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► It is in its "Risk and Compliance" section that the Wall Street Journal, by its article of June 18, 2021 (➡️📝Europe's Chief Prosecutor Has 300 Cases on Her Plate Already), presents the first steps of the European Public Prosecutor’s Office, since June 1, 2021.
This inclusion presupposes that it is through a Compliance Law perspective that this new body must be understood, in order to understand and anticipate its action.
►In this perspective :
➡️ 💬Frison-Roche, « Le parquet européen est un apport considérable au Droit de la Compliance » (“The European Public Prosecutor's Office is a remarkable contribution to Compliance Law"), June 14, 2021
I. AN ACTION THAT WILL FOCUS ON FIGHTING THE MEANS USED TO DAMAGE THE FINANCIAL INTERESTS OF THE EUROPEAN UNION
The article of the Wall Street Journal takes the form of an interview with the European Prosecutor. Her responses also confirm the consubstantial link between European Public Prosecutor's Office and Compliance Law.
It is remarkable that she immediately says that she hopes the treatment of many cases, especially on healthcare and infrastructure sectors: "Our expectation is to have more cases, especially in the healthcare system, in public procurement, infrastructure, and also in agriculture ".
However, the 2017 European Regulation which established the European Public Prosecutor’s Office said that its "mandate" is to prosecute offenses affecting the "financial interests of the European Union", without being hampered by the cumbersome procedures for cooperation between States while these offenses are most often cross-border.
But one could think that, knowingly taking the means (corruption, money laundering) for the goal, the European Public Prosecutor's Office would immediately pursue not only the defense of the financial interests of the Union (admittedly financial interests damaged by corruption or money laundering) but these facts themselves: thus the European Public Prosecutor's Office works with the European Supervisory Authorities, in particular banking and financial authorities, which fight in Ex Ante against these offenses and prevent them.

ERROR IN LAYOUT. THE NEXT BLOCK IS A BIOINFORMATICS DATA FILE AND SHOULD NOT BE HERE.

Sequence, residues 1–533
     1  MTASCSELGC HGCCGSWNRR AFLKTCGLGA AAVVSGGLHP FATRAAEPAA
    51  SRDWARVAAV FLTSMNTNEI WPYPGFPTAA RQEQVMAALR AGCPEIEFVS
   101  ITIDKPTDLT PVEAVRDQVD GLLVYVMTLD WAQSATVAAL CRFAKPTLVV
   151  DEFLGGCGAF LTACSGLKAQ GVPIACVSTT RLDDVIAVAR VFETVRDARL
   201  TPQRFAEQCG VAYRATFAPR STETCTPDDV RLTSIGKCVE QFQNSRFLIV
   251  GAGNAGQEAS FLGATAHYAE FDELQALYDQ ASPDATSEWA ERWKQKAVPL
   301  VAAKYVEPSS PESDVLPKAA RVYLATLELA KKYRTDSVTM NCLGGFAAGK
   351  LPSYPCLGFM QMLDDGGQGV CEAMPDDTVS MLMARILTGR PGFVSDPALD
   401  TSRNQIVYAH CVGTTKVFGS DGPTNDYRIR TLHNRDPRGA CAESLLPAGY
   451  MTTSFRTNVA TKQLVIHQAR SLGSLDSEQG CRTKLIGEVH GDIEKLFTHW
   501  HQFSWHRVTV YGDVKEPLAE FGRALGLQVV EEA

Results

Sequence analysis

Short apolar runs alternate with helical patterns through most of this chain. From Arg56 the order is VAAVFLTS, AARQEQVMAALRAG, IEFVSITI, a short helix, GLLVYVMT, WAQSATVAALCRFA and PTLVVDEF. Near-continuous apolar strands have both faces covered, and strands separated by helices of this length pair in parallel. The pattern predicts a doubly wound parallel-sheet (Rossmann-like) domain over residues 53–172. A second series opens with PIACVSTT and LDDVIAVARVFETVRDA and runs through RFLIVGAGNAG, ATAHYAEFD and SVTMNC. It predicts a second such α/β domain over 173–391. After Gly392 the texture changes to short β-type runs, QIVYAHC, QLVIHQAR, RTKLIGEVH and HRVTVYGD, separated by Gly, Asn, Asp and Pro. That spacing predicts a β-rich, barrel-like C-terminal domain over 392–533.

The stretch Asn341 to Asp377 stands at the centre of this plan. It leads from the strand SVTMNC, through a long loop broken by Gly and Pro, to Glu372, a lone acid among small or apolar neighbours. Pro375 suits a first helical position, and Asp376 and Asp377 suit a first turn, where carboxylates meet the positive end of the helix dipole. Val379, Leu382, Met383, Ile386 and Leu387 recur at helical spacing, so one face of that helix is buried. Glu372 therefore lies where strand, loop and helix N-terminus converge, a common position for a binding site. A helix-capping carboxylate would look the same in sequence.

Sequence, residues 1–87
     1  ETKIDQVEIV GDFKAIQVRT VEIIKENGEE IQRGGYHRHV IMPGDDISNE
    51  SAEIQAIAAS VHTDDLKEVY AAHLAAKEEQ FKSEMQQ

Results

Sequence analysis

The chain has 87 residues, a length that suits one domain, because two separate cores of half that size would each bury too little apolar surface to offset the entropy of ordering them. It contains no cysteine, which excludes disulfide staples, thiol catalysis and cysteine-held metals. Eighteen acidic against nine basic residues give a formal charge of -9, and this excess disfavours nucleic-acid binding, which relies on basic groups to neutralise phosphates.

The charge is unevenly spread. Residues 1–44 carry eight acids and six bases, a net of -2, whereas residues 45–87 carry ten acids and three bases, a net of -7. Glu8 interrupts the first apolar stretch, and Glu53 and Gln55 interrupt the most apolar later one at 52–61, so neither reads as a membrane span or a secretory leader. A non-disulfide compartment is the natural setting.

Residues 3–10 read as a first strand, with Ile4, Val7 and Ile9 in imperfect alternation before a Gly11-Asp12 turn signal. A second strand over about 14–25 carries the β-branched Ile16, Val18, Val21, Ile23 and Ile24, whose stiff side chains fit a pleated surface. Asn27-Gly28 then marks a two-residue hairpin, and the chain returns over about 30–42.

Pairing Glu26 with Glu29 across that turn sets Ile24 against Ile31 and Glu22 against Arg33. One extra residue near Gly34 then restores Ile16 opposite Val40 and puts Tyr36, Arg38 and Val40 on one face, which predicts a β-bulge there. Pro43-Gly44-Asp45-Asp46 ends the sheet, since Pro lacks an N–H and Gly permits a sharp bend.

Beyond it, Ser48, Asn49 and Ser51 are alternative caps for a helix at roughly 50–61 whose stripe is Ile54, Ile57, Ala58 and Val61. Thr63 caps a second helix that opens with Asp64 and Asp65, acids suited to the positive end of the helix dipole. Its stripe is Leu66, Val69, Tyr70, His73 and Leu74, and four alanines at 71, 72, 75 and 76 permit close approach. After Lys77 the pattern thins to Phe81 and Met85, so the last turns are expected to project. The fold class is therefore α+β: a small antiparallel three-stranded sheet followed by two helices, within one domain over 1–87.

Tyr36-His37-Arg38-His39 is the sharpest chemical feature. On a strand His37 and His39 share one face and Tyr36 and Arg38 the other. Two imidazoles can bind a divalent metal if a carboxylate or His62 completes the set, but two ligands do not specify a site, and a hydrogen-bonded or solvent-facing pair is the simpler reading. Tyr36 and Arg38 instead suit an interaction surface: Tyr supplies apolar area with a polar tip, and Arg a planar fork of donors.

II. AN ACTION THAT FOCUSES ON SECTORS NOT LEGALLY REGULATED IN EX ANTE BY SECTORAL REGULATORY AUTHORITIES
Moreover, it will be noted that the European Prosecutor is targeting three economic sectors which are not "regulated sectors" in the legal sense of the qualification, that is to say not monitored by a sectoral Regulatory and/or Supervision Authority: Health, Infrastructure and Agriculture.
Thus, the power of Regulatory Law, which relies in its Ex Ante, and its weakness, which derives from the pre-required existence of a sectoral Authority, is compensated: the action of the Public Prosecutor's Office is not limited to legally regulated sectors.
While Competition Authorities are mandated (➡️📅La concurrence dans tous ses états, June 25 and 26, 2021) to protect the competitive functioning of the markets, a Public Prosecutor's Office can deal with any infringement without having to determine a market.
For instance, Infrastructures don't constitute pertinent markets but can constitute fields for criminal activities, such as corruption or money laundering, justifying Compliance Law mechanisms.
What the new European Prosecutor is aiming for, namely Health, Infrastructures and Agriculture, have undoubtedly been damaged both by the sole primacy of the Competition perspective and by a Criminal Law constrained by the difficult inter-State cooperation, even though they are not subject to a supranational Ex Ante Regulation.
The European Public Prosecutor's Office aims to directly improve this, through Entreprises acting in Health, Infrastructures and Agriculture.